As an increasing number of European countries ease away from their coronavirus peaks, in Sweden the story is a little different.
In early March, the Nordic country opted to impose minimal restrictions, including the banning of public events of more than 50 people, barring visits to care homes, non-essential travel and anti-crowding rules in bars and restaurants.
The measures had a positive effect despite critics questioning Sweden’s non-authoritarian approach. But from early April, the numbers began to change, showing the country’s death toll was starting to climb.
Figures published by Our World in Data shows Sweden currently has the highest daily death rate per capita in the world. As of May 28, Sweden reported, on average, 5.50 COVID-19 deaths per million per day (on a seven-day rolling average) as outlined in the chart below.
Yahoo News UK looks at what may have contributed to the countries struggles to turn the flow of fatalities.
‘Restrictions’ on restrictions
The legal framework within which the government of Sweden operates does not directly allow it to impose draconian measures, such as a widespread or nationwide shutdown.
This is because there is no provision in the Swedish constitution that allows the imposition of a state of emergency during peacetime crisis. There are, however, provisions to do so if there is a war.
But on 16 April, the Swedish parliament passed a bill that granted the government decision-making powers to tackle the pandemic. The bill took effect two days later.
The government may use the powers close schools, restaurants, gymnasiums and businesses – but does not give it power to impose a nationwide curfew.
Voluntary measures ‘easier to keep in place’
While Sweden suggested many familiar rules that other nations were following – such as keeping distance from others, refraining from going to into the workplace and avoiding non essential journeys – the advice was issued by the country’s Public Health Agency, rather than by the government.
As such, Sweden’s ‘restrictions’ were more advisory than ruling, trusting that Swedes should exercise “common sense” and use “good judgment” when going about their daily lives.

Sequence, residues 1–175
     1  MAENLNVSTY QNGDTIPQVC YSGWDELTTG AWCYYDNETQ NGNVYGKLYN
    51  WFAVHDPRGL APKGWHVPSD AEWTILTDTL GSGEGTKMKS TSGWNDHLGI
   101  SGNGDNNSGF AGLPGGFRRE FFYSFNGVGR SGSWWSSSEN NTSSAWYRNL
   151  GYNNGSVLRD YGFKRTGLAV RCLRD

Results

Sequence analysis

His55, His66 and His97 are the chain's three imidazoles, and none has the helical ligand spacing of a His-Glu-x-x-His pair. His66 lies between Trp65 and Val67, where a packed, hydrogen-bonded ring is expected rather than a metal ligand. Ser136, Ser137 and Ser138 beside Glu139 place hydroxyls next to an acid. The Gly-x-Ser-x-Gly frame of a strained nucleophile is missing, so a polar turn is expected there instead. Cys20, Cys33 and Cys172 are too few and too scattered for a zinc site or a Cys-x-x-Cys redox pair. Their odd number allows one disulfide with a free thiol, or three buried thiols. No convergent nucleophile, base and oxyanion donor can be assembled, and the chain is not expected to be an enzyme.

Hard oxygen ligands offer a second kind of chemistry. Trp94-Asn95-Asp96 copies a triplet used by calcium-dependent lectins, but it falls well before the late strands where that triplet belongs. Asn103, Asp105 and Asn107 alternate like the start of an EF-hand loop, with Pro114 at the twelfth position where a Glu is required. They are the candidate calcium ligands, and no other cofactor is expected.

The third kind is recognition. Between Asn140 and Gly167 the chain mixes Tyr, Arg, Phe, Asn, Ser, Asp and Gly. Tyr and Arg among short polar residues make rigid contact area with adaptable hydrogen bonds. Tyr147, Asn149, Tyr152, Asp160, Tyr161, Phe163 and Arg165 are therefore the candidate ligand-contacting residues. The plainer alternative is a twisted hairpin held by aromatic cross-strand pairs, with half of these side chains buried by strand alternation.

But the country’s former state epidemiologist, Annika Linde, has expressed doubts about the strategy adopted by the Swedish health authority, saying: “Most likely, we would still be a bit worse off (than other Nordic countries) but better off than we are now, and we would possibly have gained time to prepare the strategy to protect the elderly.”
Barring visitors to care homes
One of Sweden’s few restrictions was a ban on visiting elderly people in care homes. However, Public Health Agency figures show that almost half of the country's fatalities linked to coronavirus happened in residential homes.
There has been no clear reason for how elderly care home deaths rose so sharply in the country, although it is believed factors could include new arrivals to the homes, residents returning from hospital, asymptomatic staff and a lack of testing early on.
But Sweden’s health minister Lena Hallengren said the responsibility lay with ‘countless actors’ – as described the tragic number of care home deaths as a “society-wide failure”.
"Nobody can say anything other than that it is a society-wide failure that the infection entered the homes of the elderly and that we had in fact not equipped elderly care to cope with this situation, given of course that no one has really been able to figure out how to prevent this from ever happening," said Hallengren.
She continued: "I can't say that the government assumes all responsibility. That would be unreasonable when there are thousands of care homes and hundreds of actors.
“The main responsibility rests with the employers to make sure that their employees have the education they need to do their jobs, that they have the equipment they need to feel safe and be safe.”
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Update: The headline of this article has been updated from: Sweden has the highest coronavirus death rate in the world – and it’s getting worse on 28 May. The article has also been changed to reflect that